It’s getting more expensive to sell on Amazon, at least, that’s how Meaghan Thomas, co-owner of Pinch Spice Market, feels.
Thomas and his partner, Thomas McGee, started a direct-to-consumer retailer selling organic spices in 2012 and said selling on Amazon helped them reach customers they wouldn’t have been able to reach if they just used their website.
But after Amazon added a 5% “fuel and inflation” surcharge in April, and announced Tuesday that it will charge sellers using Fulfillment by Amazon (FBA) an additional 35 cents per product sold during the holiday season, Thomas feel fed up
“We’re literally growing our business out of our own pockets and we’ve been doing it for 10 years, and it’s been growing, we’re doing well, but these kinds of hits just completely gut us,” Thomas said. Entrepreneur.
“I think a lot of us small to medium marketers are tired of this, but what are we going to do?” he added.
Amazon told sellers in an email Tuesday that it would charge third-party sellers using FBA an extra 35 cents per item, from Oct. 15 through Jan. 14, according to CNBC. It will depend on the weight, the dimension and the category, added the medium.
With FBA, Amazon ships your products for you, but it’s almost impossible to be an Amazon Prime seller, which is huge for sales, without using FBA, says Eli Coen, CEO of Lero, an Amazon consultancy that help sellers.
This is the first time Amazon has done this, but it’s typical for companies like UPS and FedEx to add holiday surcharges, according to CNBC and USPS filing last week.
“Everyone is freaking out,” Coen said, referring to his Facebook seller group.
The worst part, he said, is that the policy will be in place every holiday season, according to the email he received from Amazon announcing the change, a screenshot of which was seen by Entrepreneur. (Also sells on Amazon.)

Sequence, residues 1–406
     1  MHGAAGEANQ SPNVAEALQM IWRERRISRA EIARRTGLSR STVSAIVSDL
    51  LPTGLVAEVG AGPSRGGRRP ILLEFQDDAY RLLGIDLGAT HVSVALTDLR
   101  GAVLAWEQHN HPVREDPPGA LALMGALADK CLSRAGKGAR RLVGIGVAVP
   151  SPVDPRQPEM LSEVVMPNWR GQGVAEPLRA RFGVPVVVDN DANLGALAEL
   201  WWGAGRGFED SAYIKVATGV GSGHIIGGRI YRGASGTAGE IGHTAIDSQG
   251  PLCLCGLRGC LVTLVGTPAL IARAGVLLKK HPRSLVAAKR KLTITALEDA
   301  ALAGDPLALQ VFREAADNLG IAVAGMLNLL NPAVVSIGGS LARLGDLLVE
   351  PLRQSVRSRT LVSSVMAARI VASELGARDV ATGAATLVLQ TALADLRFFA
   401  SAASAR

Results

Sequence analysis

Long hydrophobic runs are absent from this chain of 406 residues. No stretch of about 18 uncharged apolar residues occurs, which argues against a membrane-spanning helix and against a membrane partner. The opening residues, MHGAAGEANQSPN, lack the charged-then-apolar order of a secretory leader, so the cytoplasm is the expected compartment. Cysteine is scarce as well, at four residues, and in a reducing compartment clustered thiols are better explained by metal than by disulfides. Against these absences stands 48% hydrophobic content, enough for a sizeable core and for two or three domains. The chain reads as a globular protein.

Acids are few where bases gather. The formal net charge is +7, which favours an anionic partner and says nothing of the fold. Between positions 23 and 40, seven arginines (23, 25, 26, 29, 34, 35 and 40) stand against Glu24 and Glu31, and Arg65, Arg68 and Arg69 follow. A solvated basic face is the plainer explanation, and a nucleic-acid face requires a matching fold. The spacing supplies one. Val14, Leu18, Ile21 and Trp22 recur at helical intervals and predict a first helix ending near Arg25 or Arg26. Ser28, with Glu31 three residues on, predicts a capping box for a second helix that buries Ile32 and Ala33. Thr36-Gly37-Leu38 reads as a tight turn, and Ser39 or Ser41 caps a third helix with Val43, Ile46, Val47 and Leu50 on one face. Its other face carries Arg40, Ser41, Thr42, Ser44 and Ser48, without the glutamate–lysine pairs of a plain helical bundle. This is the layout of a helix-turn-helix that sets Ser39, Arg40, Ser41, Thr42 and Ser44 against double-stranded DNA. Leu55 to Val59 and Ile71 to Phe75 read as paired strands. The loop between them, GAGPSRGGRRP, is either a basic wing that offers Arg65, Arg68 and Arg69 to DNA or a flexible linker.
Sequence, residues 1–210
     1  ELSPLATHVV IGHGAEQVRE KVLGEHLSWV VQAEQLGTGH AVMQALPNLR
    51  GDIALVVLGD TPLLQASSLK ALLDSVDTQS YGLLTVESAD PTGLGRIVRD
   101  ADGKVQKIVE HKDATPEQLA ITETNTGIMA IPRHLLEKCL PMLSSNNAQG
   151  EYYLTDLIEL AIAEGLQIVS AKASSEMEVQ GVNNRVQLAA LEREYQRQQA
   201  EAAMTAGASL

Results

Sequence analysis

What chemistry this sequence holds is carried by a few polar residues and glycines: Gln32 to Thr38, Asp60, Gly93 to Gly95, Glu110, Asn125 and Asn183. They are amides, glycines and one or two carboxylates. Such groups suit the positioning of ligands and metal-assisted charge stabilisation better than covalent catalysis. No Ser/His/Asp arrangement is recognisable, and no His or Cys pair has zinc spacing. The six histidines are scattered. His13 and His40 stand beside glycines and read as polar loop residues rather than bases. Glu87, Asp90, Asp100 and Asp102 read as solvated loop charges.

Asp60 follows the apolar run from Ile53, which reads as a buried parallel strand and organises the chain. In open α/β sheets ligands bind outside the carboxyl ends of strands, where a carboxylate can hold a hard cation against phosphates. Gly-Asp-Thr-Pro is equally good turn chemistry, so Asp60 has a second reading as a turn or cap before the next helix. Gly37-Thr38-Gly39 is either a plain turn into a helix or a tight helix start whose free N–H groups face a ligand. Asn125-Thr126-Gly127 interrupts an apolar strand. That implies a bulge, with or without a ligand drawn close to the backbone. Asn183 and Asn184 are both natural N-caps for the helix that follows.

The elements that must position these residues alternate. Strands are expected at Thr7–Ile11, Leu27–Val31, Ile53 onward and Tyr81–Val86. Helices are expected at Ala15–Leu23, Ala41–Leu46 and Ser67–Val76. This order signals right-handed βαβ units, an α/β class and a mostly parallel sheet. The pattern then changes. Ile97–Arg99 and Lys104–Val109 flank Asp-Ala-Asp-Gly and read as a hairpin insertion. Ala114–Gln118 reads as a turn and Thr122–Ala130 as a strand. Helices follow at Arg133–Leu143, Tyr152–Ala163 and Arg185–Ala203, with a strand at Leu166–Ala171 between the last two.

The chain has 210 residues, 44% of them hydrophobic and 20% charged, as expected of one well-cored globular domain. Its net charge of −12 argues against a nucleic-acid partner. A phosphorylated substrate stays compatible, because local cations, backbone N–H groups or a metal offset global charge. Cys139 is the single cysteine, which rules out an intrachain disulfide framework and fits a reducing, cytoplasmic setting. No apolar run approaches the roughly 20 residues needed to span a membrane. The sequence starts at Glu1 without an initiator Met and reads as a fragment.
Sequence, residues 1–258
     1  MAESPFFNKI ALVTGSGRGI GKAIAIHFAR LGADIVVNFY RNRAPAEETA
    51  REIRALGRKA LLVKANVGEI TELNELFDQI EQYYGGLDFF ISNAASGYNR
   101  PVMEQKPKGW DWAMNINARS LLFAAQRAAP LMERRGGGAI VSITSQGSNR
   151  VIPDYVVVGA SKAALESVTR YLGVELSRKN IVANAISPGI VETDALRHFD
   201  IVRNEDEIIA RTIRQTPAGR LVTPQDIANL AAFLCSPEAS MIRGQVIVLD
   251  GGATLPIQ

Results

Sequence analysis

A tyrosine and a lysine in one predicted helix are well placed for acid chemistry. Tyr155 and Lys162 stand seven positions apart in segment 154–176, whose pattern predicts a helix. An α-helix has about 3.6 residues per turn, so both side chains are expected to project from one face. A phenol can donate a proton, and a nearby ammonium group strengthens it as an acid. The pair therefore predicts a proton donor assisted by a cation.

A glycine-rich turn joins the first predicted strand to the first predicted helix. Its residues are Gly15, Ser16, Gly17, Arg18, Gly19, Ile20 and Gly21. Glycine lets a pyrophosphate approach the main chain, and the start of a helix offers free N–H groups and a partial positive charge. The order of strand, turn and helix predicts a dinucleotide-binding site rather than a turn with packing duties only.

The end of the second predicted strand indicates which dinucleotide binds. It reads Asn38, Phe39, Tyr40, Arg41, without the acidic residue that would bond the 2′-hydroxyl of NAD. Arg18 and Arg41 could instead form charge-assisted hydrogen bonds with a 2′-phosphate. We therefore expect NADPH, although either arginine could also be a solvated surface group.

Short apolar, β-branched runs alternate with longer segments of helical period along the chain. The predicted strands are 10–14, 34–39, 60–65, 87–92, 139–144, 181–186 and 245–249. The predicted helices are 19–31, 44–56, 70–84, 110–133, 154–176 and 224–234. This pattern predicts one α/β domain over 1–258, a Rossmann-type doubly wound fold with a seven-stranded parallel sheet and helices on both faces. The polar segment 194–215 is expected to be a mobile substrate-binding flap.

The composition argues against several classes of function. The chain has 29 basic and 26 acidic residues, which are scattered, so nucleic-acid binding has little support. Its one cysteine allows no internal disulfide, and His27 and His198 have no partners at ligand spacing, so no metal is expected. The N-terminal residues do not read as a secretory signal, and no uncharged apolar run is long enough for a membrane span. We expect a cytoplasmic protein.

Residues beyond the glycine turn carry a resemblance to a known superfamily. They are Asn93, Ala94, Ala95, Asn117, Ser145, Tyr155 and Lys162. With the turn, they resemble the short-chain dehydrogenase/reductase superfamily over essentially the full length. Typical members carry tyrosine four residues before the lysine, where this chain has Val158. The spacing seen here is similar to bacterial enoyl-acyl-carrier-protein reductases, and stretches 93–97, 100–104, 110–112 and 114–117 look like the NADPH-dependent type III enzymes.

“We have decided that, like other carriers, we will implement a Holiday Peak Compliance Fee that applies for a period of time each year,” the email read, according to the screenshot.
His advice to businesses: “I think the best advice is to raise prices if you can,” he said.
The holiday season is one of the busiest for Amazon, known as “peak.” In another peak season, Amazon Prime Day, a warehouse worker died in New Jersey, with The Guardian reporting that warehouses have high injury rates and that workers view conditions as stressful and unsafe.
Amazon said in the email that it is adding the surcharge because “expenses are reaching new heights,” according to CNBC.
“Our sales partners are incredibly important to us, and this is not a decision we make lightly,” Amazon reportedly added in the email.
Thomas estimated that based on the October-January 2021 sales of one of his downstream vendors, a Ras El Hanout organic spice mix, this 35-cent markup will cost them about $18,725 more than last year, assuming a product sells as much. same. this year like last year.
Thomas added that he has been trying to unplug his business from Amazon for years and says it is working; two years ago, it accounted for 41% of their sales, and this year it’s 32%, he said. He writes recipes online, shares them on social media, works with the site’s SEO, and keeps trying to refine the products to drive organic traffic.
But she doesn’t plan to pass prices on to consumers, arguing that corporations that raise prices are contributing to inflation, as some critics have said, according to USA Today. Analysts have estimated that she will add millions in revenue for Amazon, according to Barron’s.
“We think companies are overly critical of people raising prices and we don’t want to be part of the problem,” he said.
“I think instead of inflation we’re seeing corporate greed right now,” he added. “It seems really unethical.”